New York Life Foundation Supports Summer Reading and Education at NYC Public Libraries
April 30, 2019—New York City’s three library systems are strengthening citywide summer reading and other youth educational programs over the next two years with a $1 million grant from the New York Life Foundation, the largest corporate funder of NYC’s Public Libraries summer reading program.
The grant—awarded to the Brooklyn Public Library, Queens Library, and The New York Public Library (which covers the Bronx, Manhattan, and Staten Island)—will support annual efforts by the libraries to encourage independent learning while children and teens are out of school during the summer months. The funding will help reduce the “summer slide”: when school-aged children lose critical skills gained during the school year if not engaged in enriching activities over the summer.
“Libraries provide important free summer reading and educational programs to thousands of children who otherwise would not have access to them,” said, New York Life Foundation President Heather Nesle. “Studies have shown that much of the achievement gap can be attributed to unequal summer learning opportunities, which is why the Foundation supports out-of-school time programs.”
The summer reading program launches in June at over 215 library branches in all five boroughs. Kids and teens read as many books as possible, earn prizes, and participate in various kinds of engaging in-branch activities.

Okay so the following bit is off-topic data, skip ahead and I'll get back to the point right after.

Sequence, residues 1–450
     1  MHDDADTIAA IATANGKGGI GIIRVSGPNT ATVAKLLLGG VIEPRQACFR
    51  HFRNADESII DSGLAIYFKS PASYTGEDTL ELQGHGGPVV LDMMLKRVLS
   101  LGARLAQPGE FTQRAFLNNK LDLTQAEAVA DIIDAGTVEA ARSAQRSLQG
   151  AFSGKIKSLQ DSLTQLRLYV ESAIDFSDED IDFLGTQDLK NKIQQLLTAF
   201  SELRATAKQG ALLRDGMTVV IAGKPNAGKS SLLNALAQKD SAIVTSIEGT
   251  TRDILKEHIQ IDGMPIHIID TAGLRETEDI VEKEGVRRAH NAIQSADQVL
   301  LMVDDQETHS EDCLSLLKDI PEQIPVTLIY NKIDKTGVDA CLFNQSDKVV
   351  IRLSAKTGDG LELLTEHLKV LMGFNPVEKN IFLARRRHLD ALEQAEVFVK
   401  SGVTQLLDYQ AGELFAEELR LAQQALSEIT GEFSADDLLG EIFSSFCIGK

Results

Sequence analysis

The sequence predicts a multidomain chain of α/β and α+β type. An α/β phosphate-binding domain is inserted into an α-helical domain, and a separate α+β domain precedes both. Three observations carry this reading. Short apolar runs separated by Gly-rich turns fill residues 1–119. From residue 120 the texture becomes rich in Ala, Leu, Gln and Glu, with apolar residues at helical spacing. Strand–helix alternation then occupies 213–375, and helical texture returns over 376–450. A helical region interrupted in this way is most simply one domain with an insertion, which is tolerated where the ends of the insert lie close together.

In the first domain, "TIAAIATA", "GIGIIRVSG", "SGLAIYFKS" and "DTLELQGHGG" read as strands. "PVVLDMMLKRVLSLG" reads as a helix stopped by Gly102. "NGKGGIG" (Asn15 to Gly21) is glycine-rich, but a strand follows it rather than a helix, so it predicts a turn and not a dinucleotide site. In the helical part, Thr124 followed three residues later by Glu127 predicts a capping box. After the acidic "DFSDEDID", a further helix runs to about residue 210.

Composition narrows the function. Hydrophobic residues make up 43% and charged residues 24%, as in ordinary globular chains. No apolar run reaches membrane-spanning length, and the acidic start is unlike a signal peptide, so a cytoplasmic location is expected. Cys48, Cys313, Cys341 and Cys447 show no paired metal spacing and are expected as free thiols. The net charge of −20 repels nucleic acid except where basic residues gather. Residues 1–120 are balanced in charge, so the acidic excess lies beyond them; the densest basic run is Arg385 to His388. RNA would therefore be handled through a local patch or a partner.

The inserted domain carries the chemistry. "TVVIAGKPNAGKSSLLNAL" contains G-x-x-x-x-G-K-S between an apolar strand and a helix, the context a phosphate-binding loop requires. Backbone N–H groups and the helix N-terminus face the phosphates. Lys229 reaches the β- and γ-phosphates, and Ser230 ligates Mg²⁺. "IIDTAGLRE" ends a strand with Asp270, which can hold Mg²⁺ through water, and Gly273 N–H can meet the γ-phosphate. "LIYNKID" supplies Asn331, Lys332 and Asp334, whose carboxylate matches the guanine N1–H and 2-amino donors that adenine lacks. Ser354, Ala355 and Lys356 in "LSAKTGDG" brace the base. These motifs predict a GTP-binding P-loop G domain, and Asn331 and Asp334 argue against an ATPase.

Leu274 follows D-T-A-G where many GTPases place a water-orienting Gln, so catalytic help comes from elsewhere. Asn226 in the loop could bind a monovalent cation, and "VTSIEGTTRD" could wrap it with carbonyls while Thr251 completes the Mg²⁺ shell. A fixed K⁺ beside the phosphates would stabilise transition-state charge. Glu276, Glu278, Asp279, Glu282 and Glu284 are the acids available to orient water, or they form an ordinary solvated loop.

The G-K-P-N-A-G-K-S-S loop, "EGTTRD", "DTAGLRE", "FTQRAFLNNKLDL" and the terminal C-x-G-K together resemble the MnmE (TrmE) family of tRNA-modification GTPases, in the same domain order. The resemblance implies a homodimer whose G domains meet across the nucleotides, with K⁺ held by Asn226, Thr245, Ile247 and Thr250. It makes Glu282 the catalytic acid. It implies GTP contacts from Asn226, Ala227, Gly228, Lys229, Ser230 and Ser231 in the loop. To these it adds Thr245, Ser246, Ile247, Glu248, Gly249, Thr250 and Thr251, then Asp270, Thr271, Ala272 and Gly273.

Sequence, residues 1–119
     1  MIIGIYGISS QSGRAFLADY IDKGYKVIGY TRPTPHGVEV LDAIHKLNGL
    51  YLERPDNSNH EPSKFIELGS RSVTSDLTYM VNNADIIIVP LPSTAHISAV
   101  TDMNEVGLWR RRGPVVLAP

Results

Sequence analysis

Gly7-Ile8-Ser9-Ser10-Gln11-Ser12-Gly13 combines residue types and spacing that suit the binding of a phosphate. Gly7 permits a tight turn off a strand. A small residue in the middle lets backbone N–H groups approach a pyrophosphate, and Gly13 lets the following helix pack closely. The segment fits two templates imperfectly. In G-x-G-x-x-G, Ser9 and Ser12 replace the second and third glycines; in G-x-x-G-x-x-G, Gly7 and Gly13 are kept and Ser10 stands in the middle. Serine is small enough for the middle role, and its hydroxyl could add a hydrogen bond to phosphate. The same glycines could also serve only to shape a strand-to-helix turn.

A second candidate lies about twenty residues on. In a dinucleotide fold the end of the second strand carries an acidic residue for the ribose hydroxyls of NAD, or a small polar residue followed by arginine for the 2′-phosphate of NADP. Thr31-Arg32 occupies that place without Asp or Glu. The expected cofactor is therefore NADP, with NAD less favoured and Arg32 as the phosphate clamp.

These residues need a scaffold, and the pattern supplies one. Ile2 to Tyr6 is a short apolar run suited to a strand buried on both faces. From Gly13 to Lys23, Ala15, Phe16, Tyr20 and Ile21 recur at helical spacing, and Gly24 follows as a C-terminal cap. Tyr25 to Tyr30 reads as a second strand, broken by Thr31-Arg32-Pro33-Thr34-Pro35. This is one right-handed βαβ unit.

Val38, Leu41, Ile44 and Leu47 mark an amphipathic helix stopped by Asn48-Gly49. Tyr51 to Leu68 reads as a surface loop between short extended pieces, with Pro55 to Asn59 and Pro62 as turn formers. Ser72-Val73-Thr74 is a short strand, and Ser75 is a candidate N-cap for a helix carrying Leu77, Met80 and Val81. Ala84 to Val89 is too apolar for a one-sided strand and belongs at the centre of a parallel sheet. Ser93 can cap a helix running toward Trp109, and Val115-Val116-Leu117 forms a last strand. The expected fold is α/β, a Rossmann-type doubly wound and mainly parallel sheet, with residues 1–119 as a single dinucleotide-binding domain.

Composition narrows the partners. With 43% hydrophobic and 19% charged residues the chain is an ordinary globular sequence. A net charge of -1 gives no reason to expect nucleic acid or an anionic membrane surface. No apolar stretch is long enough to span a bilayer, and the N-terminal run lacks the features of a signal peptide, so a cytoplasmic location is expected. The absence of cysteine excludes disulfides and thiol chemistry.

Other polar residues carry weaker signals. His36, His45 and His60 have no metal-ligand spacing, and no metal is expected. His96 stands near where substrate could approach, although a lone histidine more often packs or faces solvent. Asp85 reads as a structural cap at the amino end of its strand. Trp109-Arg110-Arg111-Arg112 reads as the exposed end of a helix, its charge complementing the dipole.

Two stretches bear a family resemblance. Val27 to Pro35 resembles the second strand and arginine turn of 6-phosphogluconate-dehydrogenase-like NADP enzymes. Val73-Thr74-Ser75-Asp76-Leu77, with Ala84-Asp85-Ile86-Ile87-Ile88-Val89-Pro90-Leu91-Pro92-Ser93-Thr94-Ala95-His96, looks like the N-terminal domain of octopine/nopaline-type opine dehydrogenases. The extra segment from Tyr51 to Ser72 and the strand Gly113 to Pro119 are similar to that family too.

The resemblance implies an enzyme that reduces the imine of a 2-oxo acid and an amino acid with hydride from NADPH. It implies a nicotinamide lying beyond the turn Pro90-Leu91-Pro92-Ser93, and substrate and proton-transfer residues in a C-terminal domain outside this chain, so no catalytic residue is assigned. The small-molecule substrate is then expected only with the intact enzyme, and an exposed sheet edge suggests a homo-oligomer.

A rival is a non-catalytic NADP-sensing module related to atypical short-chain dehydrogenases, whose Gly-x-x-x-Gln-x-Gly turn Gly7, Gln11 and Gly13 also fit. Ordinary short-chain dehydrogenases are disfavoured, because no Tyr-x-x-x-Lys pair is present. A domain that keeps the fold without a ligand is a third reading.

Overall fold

In addition to summer reading support, the New York Life Foundation’s grant is supporting various youth education programs at the three library systems for middle school students, such as youth tech programs, science, technology, engineering, arts, and math (STEAM), and history programs, and more.
“The New York Public Library works every summer to encourage students to keep learning, keep growing, and keep being curious while they’re away from school,” said New York Public Library President Anthony W. Marx. “We want to develop a culture of reading that goes beyond the classroom and supports the city’s educational efforts. We are so grateful for the New York Life Foundation’s support of these important efforts and know that students across New York City will benefit from their generosity.”
“We look forward to seeing libraries across the borough crowded with students of all ages this summer and are so grateful for the support of the New York Life Foundation as we help children across New York discover the joy of reading,” said Brooklyn Public Library President and CEO Linda E. Johnson.
"We know that children and teens count on our libraries to discover and grow during the out-of-school hours year-round, and summer offers especially meaningful opportunities," said Queens Library President and CEO Dennis M. Walcott. "We are grateful to the New York Life Foundation for its generous support in helping us develop a hands-on summer learning program for middle school students to advance their STEAM skills."